In 2018, GIF donor the U.S. Agency for International Development (USAID), unveiled a shift in how the agency plans to support country partners’ capacity to plan, finance, and implement solutions to local development challenges.
USAID also released a set of metrics that underpin this ‘journey to self-reliance’ approach.
The ‘journey to self-reliance’ Theory of Change consists of two mutually reinforcing factors that determine a country’s self-reliance:
What does this mean in practice for country partnerships, what are the metrics behind it, and how does GIF investment align with USAID’s vision for this initiative?
First it is vital to look at how countries’ progress toward self-reliance was tracked – the metrics that can show how far along its ‘development journey’ USAID considers a country to be, which, in turn, aims to provide information that can help ensure investment is made in areas that facilitate the process and move it forward.
The result is a scatter plot with four quadrants, where countries in the upper right are considered to have high capacity and high commitment, countries in the lower left have low capacity and low commitment, and those in the other two quadrants have a combination of each. You can see an example here of a graph for Indonesia for a clearer picture on how USAID aims to objectively measure the ‘development spectrum’.
The ‘journey to self-reliance’ focuses on each country’s ‘unique set of challenges and opportunities’ to help overcome barriers to sustainable growth, economic development, democratic governance, and human and institutional capacity. GIF shares this approach. We focus on three pathways around barriers which map with ‘journey to self-reliance’: making markets work for poor people, improving government services and operations, and promoting women’s and girls’ equality.
We seek entrepreneurs – social and commercial – with deep understanding of the local barriers to growth and innovative ways of overcoming those barriers. Our staged approach to investment allows commitment, capacity, and knowledge to snowball as innovations prove themselves through continuous experimentation, feedback and expansion.
Here are some examples of how GIF’s thematic priorities allow us to overcome key bottlenecks to development:
Making markets work for poor people
GIF is investing in innovations that can enhance economic productivity by removing market frictions and formalising markets so as to benefit low income households. Our work in agriculture, for instance, tackles the interlocking market failures confronted by smallholder agriculture: poorly functioning input, output, information, and credit markets. Babban Gona, One Acre Fund, and myAgro all provide bundles of these services, reducing farmers’ costs and increasing their farms’ productivity. EM3 makes it possible for owners of even small plots of land to lease tractors. In infrastructure, our investments in SparkMeter and CityTaps use pre-paid metering technology to make energy and water accessible to poor people. At the same time, these investments help put utilities on a sustainable footing, make it feasible for them to expand and reach the many who still lack electricity and safe drinking water.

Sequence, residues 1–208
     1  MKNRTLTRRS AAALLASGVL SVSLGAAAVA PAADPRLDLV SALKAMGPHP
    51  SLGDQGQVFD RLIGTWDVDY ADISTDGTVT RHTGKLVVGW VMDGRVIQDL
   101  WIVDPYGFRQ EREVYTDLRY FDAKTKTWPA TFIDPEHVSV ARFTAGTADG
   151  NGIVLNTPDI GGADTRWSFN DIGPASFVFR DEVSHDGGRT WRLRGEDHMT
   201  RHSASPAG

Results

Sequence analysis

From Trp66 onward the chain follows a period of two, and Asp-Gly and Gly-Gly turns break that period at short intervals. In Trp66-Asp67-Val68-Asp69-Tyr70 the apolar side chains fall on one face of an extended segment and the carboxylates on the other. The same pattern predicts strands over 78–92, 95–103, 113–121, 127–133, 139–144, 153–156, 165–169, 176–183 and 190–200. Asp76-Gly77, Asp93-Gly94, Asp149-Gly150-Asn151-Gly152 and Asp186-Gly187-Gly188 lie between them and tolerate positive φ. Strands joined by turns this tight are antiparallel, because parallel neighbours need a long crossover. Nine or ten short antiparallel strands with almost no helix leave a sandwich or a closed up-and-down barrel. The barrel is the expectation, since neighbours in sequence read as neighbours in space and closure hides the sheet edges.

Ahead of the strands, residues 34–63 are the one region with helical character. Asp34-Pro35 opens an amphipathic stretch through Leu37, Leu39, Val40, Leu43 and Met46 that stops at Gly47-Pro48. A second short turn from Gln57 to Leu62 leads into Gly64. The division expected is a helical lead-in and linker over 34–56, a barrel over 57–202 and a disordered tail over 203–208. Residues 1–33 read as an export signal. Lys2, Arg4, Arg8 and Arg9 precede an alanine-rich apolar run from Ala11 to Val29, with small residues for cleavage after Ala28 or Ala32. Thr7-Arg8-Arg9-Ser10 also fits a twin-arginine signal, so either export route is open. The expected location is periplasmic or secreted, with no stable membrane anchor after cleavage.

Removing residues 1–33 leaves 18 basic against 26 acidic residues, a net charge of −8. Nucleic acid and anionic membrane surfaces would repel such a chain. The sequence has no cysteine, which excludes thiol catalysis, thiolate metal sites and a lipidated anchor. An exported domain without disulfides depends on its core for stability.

Improving the capacity and efficiency of governments
The ‘journey to self-reliance’ principles stress the importance of boosting countries’ financial self-reliance and fiscal sustainability, besides their capacity to effectively deliver public services. Consistent with this, GIF is supporting several investments to promote domestic resource mobilisation. GIF has supported BIT to build government capacity to apply, test, and refine behavioural nudges that improve tax compliance. CityNudges will explore novel ways of improving revenues collection by cities and by utilities. GIF’s investment in Online Pajak is intended to improve Indonesian firms’ compliance with tax regulations.
Investing in innovations that improve the efficiency of government service delivery in health and education
These include Educational Initiatives, which tackles the distressing inefficiency of education in India, and elsewhere. The government spends heavily to advance a child from grade 1 to grade 6 but more than half of grade-five children are unable to read at the second-grade level; and nearly three-quarters of students in grade three could not solve a two-digit subtraction such as 46 – 17. This is because they have fallen behind, as the teacher pitches lessons to the most advanced in the class. Evidence suggests that Educational Initiatives’ Mindspark software can bring struggling students up to speed at low cost.
Promoting women’s and girls’ equality, a cornerstone of inclusive development.
In addition to being a moral necessity, equality boosts economic growth through tapping under-utilised talent, and promotes democracy through wider involvement of women in decision making at all levels. GIF’s expanding work in this area includes an investment in No Means No Worldwide, whose mission is to end sexual violence against women and children.
We have captured some of our investments and how they link to the journey to self-reliance roadmap indicators. View our table here.